Dysregulation of Ephrin receptor and PPAR signaling pathways in neural progenitor cells infected by Zika virus

Sathya N. Thulasi Raman, Elyse Latreille, Jun Gao, Wanyue Zhang, Jianguo Wu, Marsha S. Russell, Lisa Walrond, Terry Cyr, Jessie R. Lavoie, David Safronetz, Jingxin Cao, Simon Sauve, Aaron Farnsworth, Wangxue Chen, Pei Yong Shi, Youchun Wang, Lisheng Wang, Michael Rosu-Myles, Xuguang Li

Research output: Contribution to journalArticlepeer-review

14 Scopus citations


Zika virus (ZIKV) infection is a serious public threat with cases reported in about 70 countries and territories. One of the most serious consequences of ZIKV infection is congenital microcephaly in babies. Congenital microcephaly has been suggested to result from infection of neural progenitor cells (NPCs) in the developing fetal brain. However, the molecular and cellular mechanisms underlying microcephaly development remains to be fully elucidated. In this study, we employed quantitative proteomics to determine protein expression profile that occur during viral replication in NPCs. Bioinformatics analysis of the protein expression changes resulted in the identification of a wide range of cell signaling pathways. Specifically, pathways involved in neurogenesis and embryonic development were markedly altered, along with those associated with cell cycle, apoptosis, lipid metabolism and oxidative stress. Notably, the differential regulation of Ephrin Receptor and PPAR signaling pathways, as revealed by quantitative proteomics and validated by qPCR array, underscores the need to explore these pathways in disease development. Collectively, these results indicate that ZIKV-induced pathogenesis involves complex virus-host reactions; the findings reported here could help shed light on the mechanisms underlying ZIKV-induced microcephaly and ZIKV replication in NPCs.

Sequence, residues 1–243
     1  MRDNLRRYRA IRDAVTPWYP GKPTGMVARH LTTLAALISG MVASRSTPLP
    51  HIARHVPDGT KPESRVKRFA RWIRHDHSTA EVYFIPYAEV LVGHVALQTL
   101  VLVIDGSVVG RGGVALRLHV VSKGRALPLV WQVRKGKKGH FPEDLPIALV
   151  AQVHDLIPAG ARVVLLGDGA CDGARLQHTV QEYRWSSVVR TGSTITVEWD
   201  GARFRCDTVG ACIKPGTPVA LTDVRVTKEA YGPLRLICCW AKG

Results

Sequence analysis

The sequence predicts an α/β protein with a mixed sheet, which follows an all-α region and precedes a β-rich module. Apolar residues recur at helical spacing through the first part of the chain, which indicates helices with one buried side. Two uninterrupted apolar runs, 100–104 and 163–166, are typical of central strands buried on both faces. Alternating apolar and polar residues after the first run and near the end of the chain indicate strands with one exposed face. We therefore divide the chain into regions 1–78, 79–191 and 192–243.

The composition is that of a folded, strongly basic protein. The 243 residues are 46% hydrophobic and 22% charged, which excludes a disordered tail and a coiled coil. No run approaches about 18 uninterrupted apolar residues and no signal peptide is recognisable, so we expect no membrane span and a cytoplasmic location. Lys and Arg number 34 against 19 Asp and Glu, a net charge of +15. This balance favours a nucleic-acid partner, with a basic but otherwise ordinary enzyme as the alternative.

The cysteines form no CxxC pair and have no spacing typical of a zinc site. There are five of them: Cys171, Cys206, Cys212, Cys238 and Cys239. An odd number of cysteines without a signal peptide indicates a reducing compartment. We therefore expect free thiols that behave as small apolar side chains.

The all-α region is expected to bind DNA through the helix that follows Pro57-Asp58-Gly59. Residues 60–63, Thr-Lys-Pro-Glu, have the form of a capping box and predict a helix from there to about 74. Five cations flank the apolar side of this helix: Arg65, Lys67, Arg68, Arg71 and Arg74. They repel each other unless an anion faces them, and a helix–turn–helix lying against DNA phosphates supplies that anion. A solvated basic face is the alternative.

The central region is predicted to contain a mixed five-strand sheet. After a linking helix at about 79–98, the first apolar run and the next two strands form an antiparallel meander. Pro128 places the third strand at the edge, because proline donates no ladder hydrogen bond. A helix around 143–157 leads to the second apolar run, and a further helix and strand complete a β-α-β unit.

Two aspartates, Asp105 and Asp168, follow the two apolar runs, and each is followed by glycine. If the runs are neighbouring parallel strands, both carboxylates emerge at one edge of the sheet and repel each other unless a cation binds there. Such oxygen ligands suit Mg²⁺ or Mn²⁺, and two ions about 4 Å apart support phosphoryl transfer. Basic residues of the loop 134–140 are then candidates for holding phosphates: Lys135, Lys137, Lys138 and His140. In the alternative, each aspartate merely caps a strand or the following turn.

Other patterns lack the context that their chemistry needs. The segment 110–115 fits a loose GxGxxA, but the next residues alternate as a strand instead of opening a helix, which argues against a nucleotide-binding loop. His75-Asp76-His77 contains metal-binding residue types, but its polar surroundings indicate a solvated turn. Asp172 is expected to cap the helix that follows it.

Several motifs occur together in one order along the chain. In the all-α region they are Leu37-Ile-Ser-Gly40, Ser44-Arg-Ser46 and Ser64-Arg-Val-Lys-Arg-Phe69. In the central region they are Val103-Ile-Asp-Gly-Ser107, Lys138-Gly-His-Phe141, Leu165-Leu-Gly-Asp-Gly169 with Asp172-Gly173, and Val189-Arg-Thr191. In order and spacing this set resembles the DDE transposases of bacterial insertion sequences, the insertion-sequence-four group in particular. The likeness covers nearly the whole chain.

Original languageEnglish (US)
Pages (from-to)2046-2060
Number of pages15
JournalEmerging Microbes and Infections
Issue number1
StatePublished - Jan 1 2020


  • Ephrin signaling
  • Neural progenitor cells
  • PPAR signaling
  • ZIKV
  • ingenuity pathway analysis
  • proteomics

ASJC Scopus subject areas

  • Epidemiology
  • Parasitology
  • Microbiology
  • Immunology
  • Drug Discovery
  • Infectious Diseases
  • Virology


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